Accrual concept

  • Under accrual concept, the effects of transactions and other events are recognised on mercantile basis i.e., when they occur (and not as cash or a cash equivalent is received or paid) and they are recorded in the accounting records and reported in the financial statements of the periods to which they relate.
  • Financial statements prepared on the accrual basis inform users not only of past events involving the payment and receipt of cash but also of obligations to pay cash in the future and of resources that represent cash to be received in the future.

Revenue is the gross inflow of cash, receivables and other consideration arising in the course of the ordinary activities of an enterprise from sale of goods, from rendering services and from the use by others of enterprise’s resources yielding interest, royalties and dividends.

For example, (1) Mr. X started a cloth merchandising. He invested Rs.50,000, bought merchandise worth Rs.50,000. He sold such merchandise forRs.60,000. Customers paid him Rs. 50,000 cash and assure him to payRs. 10,000 shortly. His revenue isRs.60,000. It arose in the ordinary course of cloth business; Mr. X received Rs.50,000 in cash andRs. 10,000 by way of receivables.

Take another example; (2) an electricity supply undertaking supplies electricity spending Rs. 16,00,000 for fuel and wages and collects electricity bill in one month Rs.20,00,000 by way of electricity charges. This is also revenue which arose from rendering services.

Expense is a cost relating to the operations of an accounting period or to the revenue earned during the period or the benefits of which do not extend beyond that period.

In the first example, Mr. X spent Rs. 50,000 to buy the merchandise; it is the expense of generating revenue of Rs. 60,000. In the second instanceRs.16,00,000 are the expenses. Also whenever any asset is used it has a finite life to generate benefit. 

Accrual means recognition of revenue and costs as they are earned or incurred and not as money is received or paid. The accrual concept relates to measurement of income, identifying assets and liabilities.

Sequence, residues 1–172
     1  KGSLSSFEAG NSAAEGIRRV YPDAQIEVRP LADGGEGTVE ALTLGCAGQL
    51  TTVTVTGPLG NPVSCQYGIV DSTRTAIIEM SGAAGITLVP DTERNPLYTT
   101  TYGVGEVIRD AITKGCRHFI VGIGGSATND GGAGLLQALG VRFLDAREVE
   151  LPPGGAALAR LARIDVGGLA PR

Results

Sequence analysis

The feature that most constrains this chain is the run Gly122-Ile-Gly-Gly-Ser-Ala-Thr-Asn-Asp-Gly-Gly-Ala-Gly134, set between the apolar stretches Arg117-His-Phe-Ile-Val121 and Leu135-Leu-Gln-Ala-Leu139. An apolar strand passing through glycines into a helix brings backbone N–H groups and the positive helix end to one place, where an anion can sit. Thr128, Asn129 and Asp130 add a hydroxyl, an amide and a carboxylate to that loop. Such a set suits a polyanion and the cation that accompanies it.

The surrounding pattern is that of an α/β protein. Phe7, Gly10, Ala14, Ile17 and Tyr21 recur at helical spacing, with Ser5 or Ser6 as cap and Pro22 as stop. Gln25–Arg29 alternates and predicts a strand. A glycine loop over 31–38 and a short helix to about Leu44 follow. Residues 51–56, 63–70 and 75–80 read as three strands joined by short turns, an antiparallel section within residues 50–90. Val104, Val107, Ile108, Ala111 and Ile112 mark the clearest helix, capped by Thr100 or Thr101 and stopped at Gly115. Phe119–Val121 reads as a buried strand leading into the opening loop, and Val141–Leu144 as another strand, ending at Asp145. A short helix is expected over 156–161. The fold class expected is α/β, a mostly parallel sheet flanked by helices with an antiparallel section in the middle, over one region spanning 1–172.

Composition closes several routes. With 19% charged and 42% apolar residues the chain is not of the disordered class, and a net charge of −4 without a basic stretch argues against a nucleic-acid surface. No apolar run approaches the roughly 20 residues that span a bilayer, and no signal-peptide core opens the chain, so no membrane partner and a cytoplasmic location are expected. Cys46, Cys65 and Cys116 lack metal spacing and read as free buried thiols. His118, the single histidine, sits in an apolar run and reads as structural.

Example: Mr. J D buys clothing of Rs.50,000 paying cash Rs.20,000 and sells at Rs. 60,000 of which customers paid only Rs.50,000.

His revenue isRs. 60,000, notRs. 50,000 cash received. Expense (i.e., cost incurred for the revenue) isRs.50,000, notRs.20,000 cash paid. So the accrual concept based profit isRs.10,000 (Revenue – Expenses).

As per Accrual Concept : Revenue – Expenses = Profit

Accrual Concept provides the foundation on which the structure of present day accounting has been developed.

Alternative as per Cash basis

Cash received in ordinary course of business – Cash paid in ordinary course of business = profit. Revenue may not be realised in cash. Cash may be received simultaneously or

(i)  before revenue is created (A. 1)

(ii)  after revenue is created (A. 2)

Expenses may not be paid in cash. Cash may be paid simultaneously or

(i) before expense is made (B. 1) (ii) after expense is made (B. 2)

A. 1 creates a liability when cash is received in advance.

A. 2 creates an asset called Trade receivables.

B.1 creates an asset called Trade Advance when cash is paid in advance while

B. 2 creates a liability called payables or Trade payables or outstanding liabilities.

If the expenses remain unpaid in respect of goods, it is called Trade payables, if it remains unpaid for other expenses, it is called Expense payables.

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